How to Succeed Without Feeling Restricted

I’m a stay at home mom (and part time grad student) who has about 20 lbs to lose.  I tend to favor meals with lots of protein and whole grains (not doing so good on fruits and veggies).  My biggest weakness is my sweet tooth.  I LOVE sweet things and don’t feel like I exercise very good self-control when it comes to sweets.  I don’t want 1 cookie, I want 5. I keep sweets out of the house for the most part, but still find excuses to bring them in. I’ve been doing Weight Watchers for the past month or so and have lost about 5 pounds.  So, it is working for me.  What I am sick of, though, is counting points and feeling so “restricted.”  I do believe that cutting calories is the way to lose weight and I just don’t know how to do that without feeling restricted.  Do you think you can help?

You need to eat less to lose weight, but there’s a lot of ways to do that – some of which lead right to Crazytown and feeling restricted, and some which are less likely to make you feel that way.

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Counting tends to add to the restriction factor because of the workload associated. Whether it’s points, calories, or whatnot, so I tend to favor learning to manage the overall quantity of food by hunger and satiety, physical sensations. You can reliably get into a calorie deficit using these tools, we’ve done it with hundreds of people already. I call it “letting your body do the math”.

There’s an added skill of learning what is hunger and what is just “wanting to eat” of course, but that’s a normal challenge that everyone needs help with. 

It’s nice to know that Weight Watchers is working for you though, congrats on the progress you’re making with that program! It helps keep restriction feelings at bay to remember to keep your mindset tuned into the fact that you are in control and have complete power to choose. You are not restricted to your points total. You can blow it out of water. No one is forcing this on you. You simply have awareness that if you eat this much you will lose weight at a predictable rate and that if you eat more, you won’t. You can still choose whatever you want to do – you aren’t in a prison being denied food. If you want to keep losing weight, then the points system is helpful as a tool you can choose to use or not.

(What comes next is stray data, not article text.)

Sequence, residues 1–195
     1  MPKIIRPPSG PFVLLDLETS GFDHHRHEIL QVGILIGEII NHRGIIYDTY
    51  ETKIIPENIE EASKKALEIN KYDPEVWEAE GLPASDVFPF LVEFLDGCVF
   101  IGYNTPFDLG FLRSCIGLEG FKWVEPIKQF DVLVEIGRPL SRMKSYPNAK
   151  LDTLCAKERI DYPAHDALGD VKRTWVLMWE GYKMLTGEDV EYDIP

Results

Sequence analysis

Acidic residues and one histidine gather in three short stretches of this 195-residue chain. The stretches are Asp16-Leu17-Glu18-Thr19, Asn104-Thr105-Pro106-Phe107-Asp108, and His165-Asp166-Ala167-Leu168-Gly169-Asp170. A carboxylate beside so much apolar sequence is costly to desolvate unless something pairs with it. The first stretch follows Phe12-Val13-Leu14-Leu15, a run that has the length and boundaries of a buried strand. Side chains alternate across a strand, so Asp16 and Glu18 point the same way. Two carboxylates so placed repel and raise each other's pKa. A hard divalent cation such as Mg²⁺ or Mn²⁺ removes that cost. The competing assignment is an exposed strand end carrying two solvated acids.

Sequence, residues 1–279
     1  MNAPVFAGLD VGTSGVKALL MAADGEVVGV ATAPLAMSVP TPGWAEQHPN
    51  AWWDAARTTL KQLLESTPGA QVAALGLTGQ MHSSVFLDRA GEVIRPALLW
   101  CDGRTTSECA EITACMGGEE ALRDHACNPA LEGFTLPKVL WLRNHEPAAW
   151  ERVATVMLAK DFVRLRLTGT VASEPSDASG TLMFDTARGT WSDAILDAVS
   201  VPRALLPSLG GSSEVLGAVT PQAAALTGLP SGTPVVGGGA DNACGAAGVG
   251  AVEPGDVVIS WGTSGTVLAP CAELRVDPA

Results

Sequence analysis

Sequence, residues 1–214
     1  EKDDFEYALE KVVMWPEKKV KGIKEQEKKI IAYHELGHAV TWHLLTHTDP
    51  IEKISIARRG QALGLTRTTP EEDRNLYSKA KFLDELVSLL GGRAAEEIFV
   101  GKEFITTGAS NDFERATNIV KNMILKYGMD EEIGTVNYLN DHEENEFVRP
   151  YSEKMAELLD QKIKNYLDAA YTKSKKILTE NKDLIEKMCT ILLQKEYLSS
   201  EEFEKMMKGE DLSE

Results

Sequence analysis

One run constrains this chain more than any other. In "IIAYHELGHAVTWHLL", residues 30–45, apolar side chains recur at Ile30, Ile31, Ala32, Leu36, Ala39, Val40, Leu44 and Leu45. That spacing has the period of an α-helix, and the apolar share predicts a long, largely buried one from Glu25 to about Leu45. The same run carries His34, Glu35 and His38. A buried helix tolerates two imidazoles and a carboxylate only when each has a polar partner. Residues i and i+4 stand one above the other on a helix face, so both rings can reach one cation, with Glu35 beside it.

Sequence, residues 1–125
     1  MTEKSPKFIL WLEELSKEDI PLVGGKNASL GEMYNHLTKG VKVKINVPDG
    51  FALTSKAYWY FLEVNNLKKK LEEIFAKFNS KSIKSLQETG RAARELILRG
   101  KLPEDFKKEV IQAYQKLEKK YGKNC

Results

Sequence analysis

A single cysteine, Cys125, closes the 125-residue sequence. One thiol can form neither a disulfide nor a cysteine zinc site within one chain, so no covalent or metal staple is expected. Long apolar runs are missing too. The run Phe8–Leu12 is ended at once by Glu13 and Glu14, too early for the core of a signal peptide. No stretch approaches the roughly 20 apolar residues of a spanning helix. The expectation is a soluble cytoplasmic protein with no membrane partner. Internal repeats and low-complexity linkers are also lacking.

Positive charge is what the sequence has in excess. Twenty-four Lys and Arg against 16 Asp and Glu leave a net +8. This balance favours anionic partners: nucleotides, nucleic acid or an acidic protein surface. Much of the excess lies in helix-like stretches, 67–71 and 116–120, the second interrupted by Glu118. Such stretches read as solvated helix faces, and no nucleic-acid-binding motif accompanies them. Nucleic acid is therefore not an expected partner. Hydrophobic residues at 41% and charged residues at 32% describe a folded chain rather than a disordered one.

Sure, my coaches and I can help if you want to learn habits and not have to count points anymore, but if Weight Watchers is working, you might be able to keep it going and not feel so restricted just by adjusting your mindset a bit.

Georgie

 

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Nutrition Geek Resource

I’m a science geek. I love reading research and I often write about it, but it isn’t for everyone. It is a lot of work.

My friends at Examine.com have launched their Examine Research Digest. It has a whole team of researchers and professionals working on making the latest research accessible. Each article gets around 15 doctors, PhD’s, etc working on it.

I’ll be reading every issue.

I see it being really useful for anyone wanting to dive into research without wanting to get a science degree to understand it. In fact I think it will be one of the most popular resources for nutrition coaches and trainers.

Of course I bring you the research that I find relevant to what we do here, but if you want a very thorough look at a whole host of studies, it really is excellent.

Check it out for yourself here.

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Zucchini Noodles With Squash, Turkey and Cheese

2014-10-30 22.12.24  I mused about this dish for a while before making it. I wanted zucchini noodles with chunks of sweet squash throughout, with some nutty and flavorful sheep’s milk cheese, and just enough savory onion, garlic and kale to round it out. With cubes of roasted turkey breast it was mouthwatering. Simply perfect.

 
2 tsp olive oil
420 grams (just under a pound) cubed kabocha or butternut squash (or about 3 cups of cubes)
1 tsp butter
1/2 yellow onion, chopped
3 cloves garlic, minced
1/2 cup chopped kale (or spinach or chard)
1 roasted red pepper (jarred), chopped
225 grams (8 ounces) cubed cooked chicken or turkey
2 medium zucchini (about 250 g each)
Salt and pepper
30 g (1 ounce) of hard, flavorful cheese such as Kefalograviera, Parmesan, or Romano cheese

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1. Preheat oven to 375 degrees F and line a baking sheet with foil. Toss squash cubes and olive oil in a large bowl and spread on baking sheet. Sprinkle lightly with salt. Bake 20-25 minutes or until tender.

2. In a 9-10 inch skillet, heat butter over medium-low heat for 1 minute, then add onion, garlic, kale, and roasted red peppers. Stir and cover. Allow to cook for 5 minutes, stirring occasionally.